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Think Jamaat is finished? Think again

  • Published at 07:04 pm April 15th, 2017
  • Last updated at 01:34 pm April 16th, 2017
Think Jamaat is finished? Think again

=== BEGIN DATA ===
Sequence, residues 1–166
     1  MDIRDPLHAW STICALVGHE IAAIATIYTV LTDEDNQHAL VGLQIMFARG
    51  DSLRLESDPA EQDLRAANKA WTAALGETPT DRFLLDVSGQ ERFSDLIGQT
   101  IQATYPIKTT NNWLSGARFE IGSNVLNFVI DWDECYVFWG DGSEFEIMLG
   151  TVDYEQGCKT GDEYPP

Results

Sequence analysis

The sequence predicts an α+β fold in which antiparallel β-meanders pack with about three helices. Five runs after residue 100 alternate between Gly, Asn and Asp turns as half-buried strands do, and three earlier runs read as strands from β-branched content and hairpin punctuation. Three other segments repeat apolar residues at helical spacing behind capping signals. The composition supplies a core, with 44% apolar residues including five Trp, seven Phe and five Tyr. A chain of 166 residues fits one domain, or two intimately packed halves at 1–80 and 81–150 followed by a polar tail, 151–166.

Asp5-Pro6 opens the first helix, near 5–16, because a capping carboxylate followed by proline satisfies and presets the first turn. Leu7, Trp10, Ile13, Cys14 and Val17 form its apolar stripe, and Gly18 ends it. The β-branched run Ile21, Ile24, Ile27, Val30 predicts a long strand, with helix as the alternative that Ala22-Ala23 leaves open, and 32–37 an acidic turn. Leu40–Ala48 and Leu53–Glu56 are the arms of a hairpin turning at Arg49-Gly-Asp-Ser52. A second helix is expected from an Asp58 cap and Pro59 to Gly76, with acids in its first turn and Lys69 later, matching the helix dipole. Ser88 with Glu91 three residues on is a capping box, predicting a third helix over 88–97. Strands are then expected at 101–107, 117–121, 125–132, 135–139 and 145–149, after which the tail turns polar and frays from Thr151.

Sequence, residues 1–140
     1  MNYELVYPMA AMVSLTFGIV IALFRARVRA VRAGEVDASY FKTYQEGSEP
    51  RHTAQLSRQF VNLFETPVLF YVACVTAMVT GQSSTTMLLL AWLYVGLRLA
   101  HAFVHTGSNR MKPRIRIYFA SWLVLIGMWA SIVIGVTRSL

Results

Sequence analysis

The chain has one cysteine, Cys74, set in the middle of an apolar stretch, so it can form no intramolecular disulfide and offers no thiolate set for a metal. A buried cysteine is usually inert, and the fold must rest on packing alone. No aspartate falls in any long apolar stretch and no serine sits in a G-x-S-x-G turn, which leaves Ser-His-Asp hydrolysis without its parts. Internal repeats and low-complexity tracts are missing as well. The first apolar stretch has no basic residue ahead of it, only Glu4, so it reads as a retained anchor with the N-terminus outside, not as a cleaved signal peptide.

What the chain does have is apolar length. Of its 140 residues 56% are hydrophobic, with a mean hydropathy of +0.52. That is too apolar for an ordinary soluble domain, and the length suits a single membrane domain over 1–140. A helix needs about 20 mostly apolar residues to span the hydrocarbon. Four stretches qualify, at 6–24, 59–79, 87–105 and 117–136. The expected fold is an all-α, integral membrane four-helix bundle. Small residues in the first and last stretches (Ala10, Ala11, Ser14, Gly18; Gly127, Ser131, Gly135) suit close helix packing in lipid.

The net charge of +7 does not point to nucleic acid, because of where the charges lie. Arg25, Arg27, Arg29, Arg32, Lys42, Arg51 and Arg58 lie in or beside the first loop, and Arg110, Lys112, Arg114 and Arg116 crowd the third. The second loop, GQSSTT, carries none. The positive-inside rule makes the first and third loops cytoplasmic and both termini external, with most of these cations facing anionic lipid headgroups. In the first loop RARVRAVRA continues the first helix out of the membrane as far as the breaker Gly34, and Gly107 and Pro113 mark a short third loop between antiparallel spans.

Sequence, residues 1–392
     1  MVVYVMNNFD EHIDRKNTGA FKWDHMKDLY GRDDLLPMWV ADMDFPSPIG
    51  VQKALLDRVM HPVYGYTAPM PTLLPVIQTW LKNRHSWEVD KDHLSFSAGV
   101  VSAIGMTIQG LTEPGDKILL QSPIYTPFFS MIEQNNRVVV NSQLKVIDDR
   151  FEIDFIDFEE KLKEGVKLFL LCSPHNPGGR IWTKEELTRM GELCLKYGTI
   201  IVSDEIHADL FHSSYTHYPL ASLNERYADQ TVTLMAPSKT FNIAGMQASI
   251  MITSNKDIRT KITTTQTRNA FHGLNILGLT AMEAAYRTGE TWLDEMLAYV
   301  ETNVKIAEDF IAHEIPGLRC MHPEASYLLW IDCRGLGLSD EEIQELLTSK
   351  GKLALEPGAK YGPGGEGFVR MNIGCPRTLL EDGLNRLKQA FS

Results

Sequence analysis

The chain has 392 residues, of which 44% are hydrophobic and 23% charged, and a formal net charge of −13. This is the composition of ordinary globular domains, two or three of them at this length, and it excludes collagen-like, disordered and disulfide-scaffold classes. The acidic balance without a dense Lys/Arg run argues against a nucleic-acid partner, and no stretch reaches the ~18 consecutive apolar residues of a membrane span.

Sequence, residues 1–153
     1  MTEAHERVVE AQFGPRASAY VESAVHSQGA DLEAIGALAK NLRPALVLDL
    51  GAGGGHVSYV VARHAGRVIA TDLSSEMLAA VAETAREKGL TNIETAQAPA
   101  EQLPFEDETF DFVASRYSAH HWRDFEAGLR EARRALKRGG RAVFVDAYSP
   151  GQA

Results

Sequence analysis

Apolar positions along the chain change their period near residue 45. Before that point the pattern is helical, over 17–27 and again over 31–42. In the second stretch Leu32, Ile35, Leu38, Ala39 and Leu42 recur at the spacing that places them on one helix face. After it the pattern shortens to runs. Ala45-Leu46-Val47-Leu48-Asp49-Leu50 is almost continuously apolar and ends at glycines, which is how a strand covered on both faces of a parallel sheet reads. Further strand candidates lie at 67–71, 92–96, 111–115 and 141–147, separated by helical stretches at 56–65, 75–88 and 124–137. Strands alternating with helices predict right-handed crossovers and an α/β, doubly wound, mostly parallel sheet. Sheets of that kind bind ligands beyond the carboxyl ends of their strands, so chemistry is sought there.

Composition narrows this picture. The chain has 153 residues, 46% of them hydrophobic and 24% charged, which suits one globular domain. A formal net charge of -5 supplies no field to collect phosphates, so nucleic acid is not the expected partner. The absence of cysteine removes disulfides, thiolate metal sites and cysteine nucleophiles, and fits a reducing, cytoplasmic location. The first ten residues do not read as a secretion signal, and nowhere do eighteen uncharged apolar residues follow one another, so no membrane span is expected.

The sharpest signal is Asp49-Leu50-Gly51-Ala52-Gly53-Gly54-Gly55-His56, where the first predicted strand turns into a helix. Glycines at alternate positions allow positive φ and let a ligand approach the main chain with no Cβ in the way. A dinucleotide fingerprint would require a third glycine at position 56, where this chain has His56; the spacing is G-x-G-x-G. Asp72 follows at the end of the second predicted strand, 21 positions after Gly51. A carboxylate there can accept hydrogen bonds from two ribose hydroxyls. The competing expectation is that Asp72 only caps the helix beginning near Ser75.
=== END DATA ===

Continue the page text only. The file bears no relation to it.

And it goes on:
After nearly four years of lingering in political limbo, Bangladesh Jamaat-e-Islami is showing it is actively engaging people in the grassroots level, without drawing undue attention. In 2013, a Supreme Court verdict cancelled the registration of the party with the Election Commission, preventing it from taking part in any elections. Another Supreme Court decision in 2016 to remove “weighing scales” as an electoral symbol seemed to be yet another nail in the coffin for Jamaat. But despite the apparent absence from Bangladeshi politics, Jamaat has been working around the clock to prepare for the 2019 elections. Even before the party institution was deconstructed, the top brass were being indicted from 2011 for their war crimes during the 1971 Liberation War. In response to the loss of major leaders, the controversial party has been bringing in new blood and fresh faces. It was widely believed that Jamaat would appeal to overturn the Supreme Court’s decision to restrict their election participation. The case now rests with the Appellate Division, and until recently this had appeared to be Jamaat’s key to get back into the game. Old play, new actors But a number of Jamaat leaders, a mix of veterans who survived the judicial action and new recruits, say that the party will sit for the election by any means necessary. Since 2016, the main focus of Jamaat has been to rebuild its target demographic from the grassroots.  Rural areas, border areas, areas which have experienced severe crackdown by law enforcement agencies are the key voter mines for Jamaat to tap. Jamaat seems to be focusing on the northern and coastal districts for its revival. Families which have lost a member to engagement with police or RAB are singled out. Jamaat members are building up rapport on empathy. Financially marginalised families are supported with job opportunities or welfare if they join the party. Highly-trained Jamaat members (Rokon), numbering in the thousands, go from door to door, engaging people one-on-one to sway their votes. Mosques see regular sermons by these rokons. Party funds are on the rise with donations from patrons and registered members. Capture Championing the Comilla mayoral elections The restructuring and maneuvering of Jamaat-e-Islami was palpable, but not visible, in the Comilla City Corporation election earlier this month. Thousands of rokons from Noakhali, Lakshmipur, Feni and Chittagong formed the core of their political campaign, laying the groundwork for the 20-party Alliance victory. With additional low-key support of its student-wing Islami Chhatra Shibir, four Jamaat-affiliated councillors emerged victorious out of the five seats they campaigned for. BNP-backed Monirul Haque Sakku retained his mayoralty with heavy support from Jamaat and its wing organisations. Several Jamaat leaders told the Dhaka Tribune it considered the 2017 Comilla City Corporation election a proving ground of their restructuring, a test they believe to have passed exceptionally well. Comilla is considered fertile for the new Jamaat, and there is reason enough for this. Syeed Abdullah Muhammad Taher, a member of the current Executive Committee of Jamaat and former president of the central committee of Chhatra Shibir and a former MP, is a Chauddagram native. After the election results sounded the victory for the BNP-led 20-party Alliance, Taher congratulated Gulam Kibria, Mosharraf Hossain, Iqramul Haque Babu and Siddiqur Rahman Suruj from wards 1, 6, 8 and 20 respectively on a Facebook post on March 30. In his post, Taher praised the decision of the nominees to campaign under a different symbol, which signified the party had made its peace with losing the “scales.” A more fervent Facebook post by Rezaul Karim, member of Jamaat central working committee and another former president of central Chhatra Shibir, hailed the victory as a divine blessing from Allah. “It is the victory of the people against the misrule of Awami league. Allah himself assured the respect of the tears of the oppressed and the blood of the martyrs. The victors must pay gratitude to the Almighty. Evident in the history that none can sustain their power only by means of oppression and suppression, the oppressor must suffer the defeat in the consequence.” ‘Quran does not change, our charter does’ The Jamaat revamp has seen three key changes in its charters. Their first national conference is in the works, the elections for the 23-member executive body, 53-member working committee, 277-member central Majlish-e-Sura body have been completed by March 2017, and there are new chiefs from the party’s helm to the wards. The party aims to see at least 33% of its members be women by 2020. The ameers for Dhaka South and Dhaka North units are all fresh faces, but tried and tested during their tenure as Shibir president. Jamaat and Shibir are using online platforms to expand their reach. A source said they are afraid of using cellular connections as it can be traced back and monitored by the police. Rather, Viber, Skype, Facebook, Line, Imo, and other web-based communication platforms have become their Suhrawardy Udyan. In addition, thousands of Facebook pages are active around the clock. Each unit has its own Facebook page, giving them a unique identity and an umbrella at the same time. A Jamaat leader commented: “Our charter is not absolute, the Quran does not change, but our charter adapts with time and age.” Target 2019 According to several reputed confidential sources, Jamaat is eyeing 40 constituencies to contest in the 2019 general elections. The party has contingencies for its contingencies. If the court does not allow Jamaat to take part in the elections as a party, the candidates will declare themselves independent to continue moving forward. Jamaat sources stated their current focus is on doing inventory, assessing future costs, estimating the logistics required, and how much show of force will be needed to bring Jamaat back into the spotlight, without the tarnished reputation of war crimes billowing in their wake.